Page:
National Football League
Have Colts done enough to surround Anthony Richardson with talent?
National Football League

Have Colts done enough to surround Anthony Richardson with talent?

Updated May. 23, 2024 12:38 p.m. ET

What the Indianapolis Colts have done this offseason to build around Anthony Richardson hasn't piqued national interest. Certainly not in the way their AFC South rivals have done for their quarterbacks. 

The Texans added Pro Bowlers Stefon Diggs and Joe Mixon. The Titans invested in Calvin Ridley, Tony Pollard and Tyler Boyd. The Jaguars added Gabe Davis in free agency and used their first-round pick on LSU's Brian Thomas Jr., who led the FBS in receiving touchdowns last season. 

The Colts didn't spend big money on an external offensive skill player this offseason (or any at all, as a matter of fact). Didn't use their top pick on one, either. 

And yet, the Colts have a strong foundation around Richardson. 


We won't know for sure until football is played, of course. But one must start with the tandem of Richardson and star running back Jonathan Taylor, who played just two snaps together last season. 

The dual-threat Richardson flashed potential as Indianapolis' franchise quarterback in the 173 snaps he played as a rookie. And after missing the first four games of 2023 on the Physically Unable to Perform list, and missing another three in December due to a thumb injury, Taylor had returned to his All-Pro form by the end of the season. 

NFL defenses haven't yet experienced how a Richardson-Taylor backfield throws them into conflict. 

There's a whole side to coach Shane Steichen's playbook that we haven't seen. 

"To get those guys reps in the offseason program and going into training camp and getting a feel for each other in the backfield is going to be critical to our success moving forward," Steichen said last month. "I think the communication part is huge. Just them being in the backfield together, communicating that way, the ball-handling aspect of it is big. That's part of their deal, right? They're going to have a lot of ball handling stuff that we've gotta get wired up with those two guys in the backfield whether it's handing the ball off, a zone-read play, whatever it may be. But going through that process, throwing to him out of the backfield and all those different things. That part is going to be huge this offseason and training camp going into the season."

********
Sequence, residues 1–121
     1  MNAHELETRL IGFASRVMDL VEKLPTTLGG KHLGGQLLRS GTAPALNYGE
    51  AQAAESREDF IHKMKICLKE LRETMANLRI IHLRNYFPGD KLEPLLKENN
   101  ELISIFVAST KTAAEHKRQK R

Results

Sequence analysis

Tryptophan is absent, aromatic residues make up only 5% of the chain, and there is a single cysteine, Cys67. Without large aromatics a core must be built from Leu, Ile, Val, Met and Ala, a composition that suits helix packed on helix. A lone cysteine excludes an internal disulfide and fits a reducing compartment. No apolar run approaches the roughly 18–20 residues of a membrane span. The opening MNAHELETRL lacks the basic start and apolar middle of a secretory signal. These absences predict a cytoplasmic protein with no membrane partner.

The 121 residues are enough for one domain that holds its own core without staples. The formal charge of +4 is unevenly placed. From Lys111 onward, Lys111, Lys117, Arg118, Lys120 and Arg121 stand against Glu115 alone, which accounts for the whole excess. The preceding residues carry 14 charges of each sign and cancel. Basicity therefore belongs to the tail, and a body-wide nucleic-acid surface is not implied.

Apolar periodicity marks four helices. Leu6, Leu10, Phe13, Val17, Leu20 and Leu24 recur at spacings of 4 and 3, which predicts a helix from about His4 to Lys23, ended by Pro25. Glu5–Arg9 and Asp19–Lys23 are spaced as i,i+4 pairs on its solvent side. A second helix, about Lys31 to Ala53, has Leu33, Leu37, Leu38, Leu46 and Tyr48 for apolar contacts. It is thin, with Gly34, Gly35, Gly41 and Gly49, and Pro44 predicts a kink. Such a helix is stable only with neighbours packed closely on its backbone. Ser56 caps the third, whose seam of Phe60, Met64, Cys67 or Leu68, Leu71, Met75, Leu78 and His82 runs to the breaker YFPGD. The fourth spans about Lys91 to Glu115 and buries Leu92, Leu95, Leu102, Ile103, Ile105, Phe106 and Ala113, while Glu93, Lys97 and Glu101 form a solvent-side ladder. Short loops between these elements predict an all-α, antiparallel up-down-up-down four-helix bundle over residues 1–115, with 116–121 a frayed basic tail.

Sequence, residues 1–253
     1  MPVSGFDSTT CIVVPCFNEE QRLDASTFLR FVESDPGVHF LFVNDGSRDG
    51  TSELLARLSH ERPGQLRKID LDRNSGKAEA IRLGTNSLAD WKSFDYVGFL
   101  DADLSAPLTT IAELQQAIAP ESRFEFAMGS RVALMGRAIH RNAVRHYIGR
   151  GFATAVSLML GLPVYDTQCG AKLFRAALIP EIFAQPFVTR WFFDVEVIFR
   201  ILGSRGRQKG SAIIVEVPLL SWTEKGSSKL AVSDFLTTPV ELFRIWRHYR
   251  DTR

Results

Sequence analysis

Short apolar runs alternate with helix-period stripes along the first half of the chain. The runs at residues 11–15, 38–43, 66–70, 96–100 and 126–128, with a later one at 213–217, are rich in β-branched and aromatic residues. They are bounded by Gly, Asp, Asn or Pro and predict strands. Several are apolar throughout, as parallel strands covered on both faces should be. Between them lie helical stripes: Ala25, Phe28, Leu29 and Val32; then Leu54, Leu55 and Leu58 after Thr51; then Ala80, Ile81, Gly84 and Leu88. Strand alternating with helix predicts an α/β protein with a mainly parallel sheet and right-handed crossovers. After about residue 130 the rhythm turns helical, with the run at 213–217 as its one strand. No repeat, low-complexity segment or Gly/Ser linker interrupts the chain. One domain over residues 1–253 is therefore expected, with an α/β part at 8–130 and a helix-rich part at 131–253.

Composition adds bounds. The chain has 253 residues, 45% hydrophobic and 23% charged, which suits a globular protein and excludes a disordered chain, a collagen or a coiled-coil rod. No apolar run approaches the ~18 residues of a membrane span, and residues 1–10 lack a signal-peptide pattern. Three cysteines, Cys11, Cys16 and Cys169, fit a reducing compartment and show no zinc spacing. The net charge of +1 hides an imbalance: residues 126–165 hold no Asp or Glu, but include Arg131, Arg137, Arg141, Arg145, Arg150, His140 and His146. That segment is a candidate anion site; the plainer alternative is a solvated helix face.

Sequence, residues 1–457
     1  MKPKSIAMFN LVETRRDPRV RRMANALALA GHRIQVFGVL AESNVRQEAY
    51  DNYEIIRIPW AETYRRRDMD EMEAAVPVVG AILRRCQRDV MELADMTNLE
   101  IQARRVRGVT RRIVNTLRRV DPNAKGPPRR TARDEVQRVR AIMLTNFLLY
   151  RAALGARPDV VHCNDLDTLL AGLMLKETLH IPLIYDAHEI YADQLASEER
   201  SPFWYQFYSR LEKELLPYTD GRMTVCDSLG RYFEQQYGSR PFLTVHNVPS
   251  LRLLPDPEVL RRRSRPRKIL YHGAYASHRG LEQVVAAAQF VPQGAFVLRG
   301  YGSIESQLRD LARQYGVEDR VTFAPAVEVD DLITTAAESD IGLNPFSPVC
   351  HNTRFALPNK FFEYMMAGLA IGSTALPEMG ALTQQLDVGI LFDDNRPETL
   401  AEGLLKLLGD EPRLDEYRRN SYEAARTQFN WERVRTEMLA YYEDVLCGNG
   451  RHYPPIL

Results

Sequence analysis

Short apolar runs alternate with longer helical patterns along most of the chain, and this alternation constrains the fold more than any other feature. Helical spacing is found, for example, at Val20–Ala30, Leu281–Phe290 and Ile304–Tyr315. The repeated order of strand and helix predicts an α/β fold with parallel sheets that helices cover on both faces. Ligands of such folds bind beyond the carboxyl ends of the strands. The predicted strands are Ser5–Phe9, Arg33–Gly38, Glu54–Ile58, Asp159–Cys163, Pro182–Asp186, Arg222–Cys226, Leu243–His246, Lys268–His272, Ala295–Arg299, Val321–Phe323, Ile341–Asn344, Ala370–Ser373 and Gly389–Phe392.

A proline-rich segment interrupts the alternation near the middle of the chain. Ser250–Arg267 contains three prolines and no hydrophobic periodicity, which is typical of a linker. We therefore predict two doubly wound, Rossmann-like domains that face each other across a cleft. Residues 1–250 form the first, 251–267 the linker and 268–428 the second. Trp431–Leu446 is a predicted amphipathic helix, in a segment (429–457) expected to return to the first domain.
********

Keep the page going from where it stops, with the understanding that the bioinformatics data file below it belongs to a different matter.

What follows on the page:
Even without a top free agent or first-round pick added, the Colts' wide receiver room is positioned to be stronger than it was last season. 

The growing rapport between Richardson and standout Michael Pittman Jr., who signed a three-year, $68 million extension in March, is at the top of the list. With at least 900 receiving yards in three of his four NFL seasons, including 1,000 yards in two of the last three years, Pittman has never had the same quarterback for back-to-back seasons. And in 2024, he'll be able to pick up from where he left with Richardson, who played four games as a rookie. 

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Slot receiver Josh Downs, who had 68 receptions for 771 yards and three touchdowns as a rookie, should naturally make a step forward in Year 2 too. Despite battling a lingering knee injury throughout the year, he broke the franchise's single-season record for receptions by a rookie. He has said he's healthy entering 2024. 

The biggest beneficiary of Richardson's return might be Alec Pierce, who specializes as a deep threat on the outside. He was tied for eighth in the NFL last season with 16.1 yards per reception. But Gardner Minshew, Pierce's quarterback for most of the season, struggled to push the ball down the field. 52.2 percent of Minshew's throws traveled 10 air yards or fewer, the highest rate among the 19 quarterbacks who played at least 500 dropbacks, according to Next Gen Stats. That changes with Richardson. In the four games the former Florida star started in 2023 — Weeks 1-2, 4 and 5 — Indianapolis ranked 10th in explosive passes (21), per Pro Football Focus.

And in former Texas star Adonai Mitchell, the Colts got a bonafide first-round talent and a steal at No. 52 overall. He scored five touchdowns in five College Football Playoff games at Georgia and Texas, showing his ability to deliver on the biggest stage.

Tight end Jelani Woods could be sliding under the radar nationally as well. In a position group that is deep but lacks an established No. 1 option, Woods has the most upside as a 6-foot-7 dominant athlete. He had 25 receptions for 312 yards and three touchdowns as a third-round rookie in 2022, but missed the entirety of last season on injured reserve with a hamstring injury. He represents a big target for Richardson.  

"The way we've built it — it's been tested over time. If you build things inside out it's going to last, you're going to be competitive," general manager Chris Ballard said earlier this month. "You don't have these huge swings and rides year to year. We felt strong about the roster and what we did in free agency, and again in the draft. I think it's just keeping (Richardson) upright and healthy. It will be fun to watch."

Even if the hype isn't there.

Ben Arthur is the AFC South reporter for FOX Sports. He previously worked for The Tennessean/USA TODAY Network, where he was the Titans beat writer for a year and a half. He covered the Seattle Seahawks for for three seasons (2018-20) prior to moving to Tennessee. You can follow Ben on Twitter at @benyarthur.


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